Take time to think about what health and fitness mean to you. If it is to gain a six-pack, that’s okay too! As longs as it is for YOU.

You don’t need me to tell you that exercise can be as easy as opening the door and taking a brisk walk outside. Or putting on a yoga DVD in your living room. But most of us need some external motivation, at least in the beginning.

Daily Om is a site devoted to personal growth and well-being. The site carries a lot of free content as well as hundreds of paid-for courses. They even offer a flexible payment option where you choose how much you pay for the course.

Stop by your local park. Outdoor exercise sessions are popping up everywhere.

9. Make Healthy Choices With Food

Like exercise, this is an area I have struggled with. Again. I know what I should do, but it doesn’t always manifest itself in healthy habits.

I discovered along my healing journey that I use food to avoid feeling my feelings. Feeling full was preferable to the uncomfortable sensation of a triggering event. It took a long time for me to learn to insert a moment of reflection between the trigger and overeating. It appeared to happen automatically.

If this is something you find yourself doing, in the first instance, be kind to yourself. Remember from earlier—only positive self-talk allowed. Try saying something like, “I’m doing the best I can right now,” even if you end up eating that extra helping anyway. Being mindful of your actions is a powerful first step to healing.

Hay’s perspective is that we naturally begin to make healthier choices for our bodies if we love ourselves. It is incongruent to abuse or neglect something that we love so much.

As you progress along the path of healing and elevating yourself, you will become more in touch with your body. You will understand how the physical body tells us what we are feeling. When we are afraid, when we experience anger, or joy, etc. Likewise, it tells us what we need and what we don’t. You will be more in tune with foods that disagree with you. What makes you bloated, what gives you indigestion, and so on.

If you want to eat organic food, but it is too expensive, choose quality over quantity. A lesser amount of organic meat is better for you and the environment. Sometimes, you don’t always need to buy organic. Some foods are safe to eat after washing. Yet, others should always be organic.

10. Start A Journal

I first starting journaling as part of an exercise to unleash my creativity. But it has become one of the most powerful tools I have experienced along the path to fixing my life.

Journaling means writing down what is in your head. It could be a commentary of your day or a problem that is troubling you, a thought that has jumped to the forefront of your mind, an account of something you observed that affected you in some way, or a dream.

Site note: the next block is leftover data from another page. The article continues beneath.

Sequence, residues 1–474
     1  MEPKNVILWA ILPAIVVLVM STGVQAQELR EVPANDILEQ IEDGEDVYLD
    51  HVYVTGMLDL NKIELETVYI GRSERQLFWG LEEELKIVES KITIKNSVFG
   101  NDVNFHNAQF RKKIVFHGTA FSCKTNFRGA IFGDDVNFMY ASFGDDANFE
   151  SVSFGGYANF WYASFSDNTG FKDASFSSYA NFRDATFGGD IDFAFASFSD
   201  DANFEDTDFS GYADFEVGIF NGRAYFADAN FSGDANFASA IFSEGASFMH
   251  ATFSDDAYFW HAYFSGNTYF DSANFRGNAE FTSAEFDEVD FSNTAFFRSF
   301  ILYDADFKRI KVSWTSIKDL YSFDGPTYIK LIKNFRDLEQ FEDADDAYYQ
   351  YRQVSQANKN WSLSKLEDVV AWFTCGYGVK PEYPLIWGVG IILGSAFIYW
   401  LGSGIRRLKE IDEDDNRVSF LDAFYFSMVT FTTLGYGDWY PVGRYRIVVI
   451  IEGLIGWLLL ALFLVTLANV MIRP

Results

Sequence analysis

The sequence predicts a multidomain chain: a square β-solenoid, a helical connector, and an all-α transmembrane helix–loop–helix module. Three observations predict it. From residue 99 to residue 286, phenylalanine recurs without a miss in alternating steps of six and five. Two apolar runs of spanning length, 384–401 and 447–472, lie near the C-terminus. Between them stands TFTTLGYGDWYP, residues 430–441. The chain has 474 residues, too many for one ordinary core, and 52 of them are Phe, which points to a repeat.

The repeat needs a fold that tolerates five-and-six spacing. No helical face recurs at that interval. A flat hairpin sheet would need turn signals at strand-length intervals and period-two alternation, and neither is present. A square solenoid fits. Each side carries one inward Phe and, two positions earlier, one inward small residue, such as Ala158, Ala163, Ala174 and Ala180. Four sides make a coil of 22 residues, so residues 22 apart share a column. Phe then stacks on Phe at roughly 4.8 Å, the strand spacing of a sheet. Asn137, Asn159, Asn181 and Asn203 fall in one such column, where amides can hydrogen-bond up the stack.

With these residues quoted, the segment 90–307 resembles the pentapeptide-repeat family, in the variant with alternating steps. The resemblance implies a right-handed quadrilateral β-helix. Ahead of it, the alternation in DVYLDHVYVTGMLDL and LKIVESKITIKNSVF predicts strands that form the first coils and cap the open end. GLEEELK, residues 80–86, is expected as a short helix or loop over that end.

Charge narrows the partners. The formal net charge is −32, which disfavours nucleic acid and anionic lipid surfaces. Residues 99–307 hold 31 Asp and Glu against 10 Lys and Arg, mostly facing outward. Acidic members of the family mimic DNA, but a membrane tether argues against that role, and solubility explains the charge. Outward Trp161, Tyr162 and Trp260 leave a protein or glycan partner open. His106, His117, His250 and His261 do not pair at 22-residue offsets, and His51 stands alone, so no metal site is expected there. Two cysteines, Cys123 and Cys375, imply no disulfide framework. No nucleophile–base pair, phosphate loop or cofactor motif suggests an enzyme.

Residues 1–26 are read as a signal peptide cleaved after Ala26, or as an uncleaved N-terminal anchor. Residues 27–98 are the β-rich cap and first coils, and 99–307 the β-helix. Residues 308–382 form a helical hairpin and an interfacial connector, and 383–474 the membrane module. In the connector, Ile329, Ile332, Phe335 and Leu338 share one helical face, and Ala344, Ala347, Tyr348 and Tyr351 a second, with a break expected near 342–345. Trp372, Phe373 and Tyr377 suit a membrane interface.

It doesn’t matter what it is; get it down. I recommend writing by hand and not typing it. I see it as a more intimate mind and body connection. If you are not used to doing much writing, expect your hand to ache initially!

Best done in the morning, commit to writing a certain number of pages each day. Julia Cameron suggests three pages in her book, The Artist’s Way. Whatever you decide, stick to it. And if you can’t think what to write, Cameron suggests writing, I don’t know what to write until something new emerges. My spin on this, when I have a block, is to write a positive affirmation instead.

Do not give a second thought to spelling, grammar, handwriting, composition, or poetry. It is only for YOU. In fact, Cameron advises against showing anyone your writing. Who is anyone to judge your inner thoughts?

For me, journaling is a brain dump. If it’s on the page, I don’t have to carry it around with me throughout the day. I have even caught myself reaching for my journal when a difficult situation arises. Even when it’s not my allocated writing time.

It’s another form of therapy for me. It helps me to focus on what needs resolving. If the same challenging thought arises day after day, it is almost impossible to ignore. Our true authentic self is calling us to action.

And there you have it—10 ways to improve your life without maxing out your credit cards.

A final word. Be kind to yourself. Healing and improving your life will not happen overnight, whether you throw a small fortune at it or do it on a shoestring. It involves inner work—lots of it.

Take it day by day. Observe the gradual changes that emerge. And remind yourself, “I am doing the best I can right now” because I know you are.

Good luck on your incredible journey.